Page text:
Tuesday, October 19, 2010

Manzanar Revisited

And it seems to me important for a country, for a nation to certainly know about its glorious achievements but also to know where its ideals failed, in order to keep that from happening again.
George Takei

This year there was a certain poignancy in my visit to Manzanar. One of my newer patient's and his wife had been in internment camps during World War II. They weren't at Manzanar, but had relatives who were. We have talked at length about it and he commented, "as I a result I no longer trust the American Constitution." With his experience who can blame him. It's essential to know that in a country that takes great pride in its achievements, we have also had colossal failures. Perhaps due to the emergence of a homeland security in the last several years, we again sit on a knifes edge of letting our ideals be submerged again.

There is now a mess hall and barracks at Manzanar. I sat in them taking photographs and could hear the groan of the building as the wind moved it. I could feel the bitterness of the cold as it whipped the edges of windows and doors. And I thought, how would it have felt to me if suddenly I was placed here as a perceived enemy of the United States simply because I bore a certain ancestral heritage. It was sobering and frightening.

Yet many people accepted this, not fighting much (there were outbreaks here and there at this and other internment camps). The phrase "shikata ga nai" or "it can't be helped" indicated cultural norms over which one had little control and was used to explain why there wasn't much fighting about the placement directly. It is hard for Westerners or people from today's era to understand, but it was how many were able to keep face in great adversity and survive.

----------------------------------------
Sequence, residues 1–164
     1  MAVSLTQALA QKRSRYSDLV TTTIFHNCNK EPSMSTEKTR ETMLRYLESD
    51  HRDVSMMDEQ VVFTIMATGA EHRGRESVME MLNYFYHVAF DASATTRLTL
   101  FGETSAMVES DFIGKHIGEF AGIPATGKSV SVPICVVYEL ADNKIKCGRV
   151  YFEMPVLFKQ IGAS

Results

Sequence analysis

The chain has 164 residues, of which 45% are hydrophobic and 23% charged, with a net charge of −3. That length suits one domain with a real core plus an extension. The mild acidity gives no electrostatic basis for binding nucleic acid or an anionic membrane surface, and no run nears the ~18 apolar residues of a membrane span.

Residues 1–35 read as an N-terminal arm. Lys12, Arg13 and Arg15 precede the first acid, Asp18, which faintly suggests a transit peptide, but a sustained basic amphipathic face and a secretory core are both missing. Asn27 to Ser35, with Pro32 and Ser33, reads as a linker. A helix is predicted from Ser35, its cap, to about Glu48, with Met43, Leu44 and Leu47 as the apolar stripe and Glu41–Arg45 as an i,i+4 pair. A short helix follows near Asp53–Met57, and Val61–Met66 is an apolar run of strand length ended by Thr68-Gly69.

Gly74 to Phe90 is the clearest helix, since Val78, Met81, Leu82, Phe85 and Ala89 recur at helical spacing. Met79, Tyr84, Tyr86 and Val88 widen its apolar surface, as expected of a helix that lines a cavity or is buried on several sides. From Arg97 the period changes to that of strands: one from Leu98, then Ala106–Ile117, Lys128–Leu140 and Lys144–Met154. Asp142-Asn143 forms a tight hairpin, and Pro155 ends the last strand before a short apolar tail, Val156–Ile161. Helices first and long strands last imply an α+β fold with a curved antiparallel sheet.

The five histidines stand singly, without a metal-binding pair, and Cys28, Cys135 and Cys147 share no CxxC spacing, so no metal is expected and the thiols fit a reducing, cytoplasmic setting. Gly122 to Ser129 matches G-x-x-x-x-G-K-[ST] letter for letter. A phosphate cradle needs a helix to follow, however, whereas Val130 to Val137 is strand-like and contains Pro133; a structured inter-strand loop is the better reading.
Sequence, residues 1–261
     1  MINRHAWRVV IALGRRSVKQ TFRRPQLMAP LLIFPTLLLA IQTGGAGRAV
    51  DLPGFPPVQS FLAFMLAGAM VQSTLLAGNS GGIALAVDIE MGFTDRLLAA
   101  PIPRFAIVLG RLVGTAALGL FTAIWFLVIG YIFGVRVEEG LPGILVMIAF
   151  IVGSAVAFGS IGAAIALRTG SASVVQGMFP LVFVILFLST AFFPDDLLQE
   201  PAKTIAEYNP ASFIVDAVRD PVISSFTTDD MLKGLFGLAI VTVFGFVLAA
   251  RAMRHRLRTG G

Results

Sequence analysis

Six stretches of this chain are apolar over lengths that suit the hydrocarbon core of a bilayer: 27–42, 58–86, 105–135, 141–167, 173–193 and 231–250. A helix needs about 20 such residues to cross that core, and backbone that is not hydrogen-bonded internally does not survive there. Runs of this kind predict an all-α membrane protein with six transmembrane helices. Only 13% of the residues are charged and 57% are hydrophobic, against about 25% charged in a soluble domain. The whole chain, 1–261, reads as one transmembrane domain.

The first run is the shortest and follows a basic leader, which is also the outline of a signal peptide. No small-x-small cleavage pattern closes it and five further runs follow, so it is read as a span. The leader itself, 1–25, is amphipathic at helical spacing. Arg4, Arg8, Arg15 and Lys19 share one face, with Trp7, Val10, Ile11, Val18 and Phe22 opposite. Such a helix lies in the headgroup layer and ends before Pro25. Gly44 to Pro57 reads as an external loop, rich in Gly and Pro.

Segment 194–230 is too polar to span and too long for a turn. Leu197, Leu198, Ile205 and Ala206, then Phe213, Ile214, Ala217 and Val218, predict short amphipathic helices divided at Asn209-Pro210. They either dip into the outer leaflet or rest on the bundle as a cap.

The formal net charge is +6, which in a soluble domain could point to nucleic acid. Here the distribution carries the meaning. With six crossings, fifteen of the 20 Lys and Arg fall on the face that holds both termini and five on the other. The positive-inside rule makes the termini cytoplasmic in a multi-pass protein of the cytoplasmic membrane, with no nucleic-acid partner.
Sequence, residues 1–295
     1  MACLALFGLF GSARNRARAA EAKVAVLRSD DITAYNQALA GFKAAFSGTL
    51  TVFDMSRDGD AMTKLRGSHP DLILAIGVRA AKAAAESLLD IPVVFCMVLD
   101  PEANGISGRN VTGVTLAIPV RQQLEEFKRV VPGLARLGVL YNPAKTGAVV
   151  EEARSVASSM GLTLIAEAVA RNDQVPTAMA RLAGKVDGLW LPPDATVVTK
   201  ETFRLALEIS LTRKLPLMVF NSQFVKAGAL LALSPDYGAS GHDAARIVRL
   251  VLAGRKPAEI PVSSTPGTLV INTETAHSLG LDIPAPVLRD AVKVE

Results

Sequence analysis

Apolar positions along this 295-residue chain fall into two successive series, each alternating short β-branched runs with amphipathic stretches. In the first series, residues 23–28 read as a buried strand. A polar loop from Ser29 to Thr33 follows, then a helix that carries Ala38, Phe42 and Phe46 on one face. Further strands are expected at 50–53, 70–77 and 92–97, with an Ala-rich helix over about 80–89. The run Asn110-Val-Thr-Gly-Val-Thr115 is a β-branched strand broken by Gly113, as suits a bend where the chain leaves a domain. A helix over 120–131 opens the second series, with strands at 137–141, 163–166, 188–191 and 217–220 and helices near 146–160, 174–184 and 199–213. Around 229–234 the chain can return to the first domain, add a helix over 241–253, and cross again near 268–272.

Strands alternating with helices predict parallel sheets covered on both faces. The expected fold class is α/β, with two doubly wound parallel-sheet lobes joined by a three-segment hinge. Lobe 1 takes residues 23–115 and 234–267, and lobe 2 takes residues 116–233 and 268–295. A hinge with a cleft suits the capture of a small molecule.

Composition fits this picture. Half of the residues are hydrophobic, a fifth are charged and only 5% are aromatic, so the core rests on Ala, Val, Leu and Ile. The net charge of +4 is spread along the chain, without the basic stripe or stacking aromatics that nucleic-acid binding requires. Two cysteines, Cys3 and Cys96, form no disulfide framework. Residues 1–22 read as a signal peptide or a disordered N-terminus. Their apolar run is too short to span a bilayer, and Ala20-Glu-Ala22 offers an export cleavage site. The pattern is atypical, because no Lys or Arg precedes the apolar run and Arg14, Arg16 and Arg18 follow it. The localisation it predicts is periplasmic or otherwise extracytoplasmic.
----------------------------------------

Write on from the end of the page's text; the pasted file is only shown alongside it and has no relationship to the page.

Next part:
I continue to learn on every visit I make to Manzanar and try to use my voice to help see it never happens again.

Kitaro, "Heaven and Earth":

1 comment:

susanna said...

Good post! My mom spent her childhood in B.C. during WWII. She told me that one night her parents sent her and her siblings to bed early and without any explanation. The next morning, they were told that "something has happened" and that they were not allowed to talk about it. When my mother went outside to play, she discovered that the Japanese in her neighborhood, including a childhood friend, had disappeared during the night, leaving their house and all their belongings.

I wish that my grandparents had taken a stand for their neighbors that night. Eighty years later, I think my mom's fears stem from that time, too.

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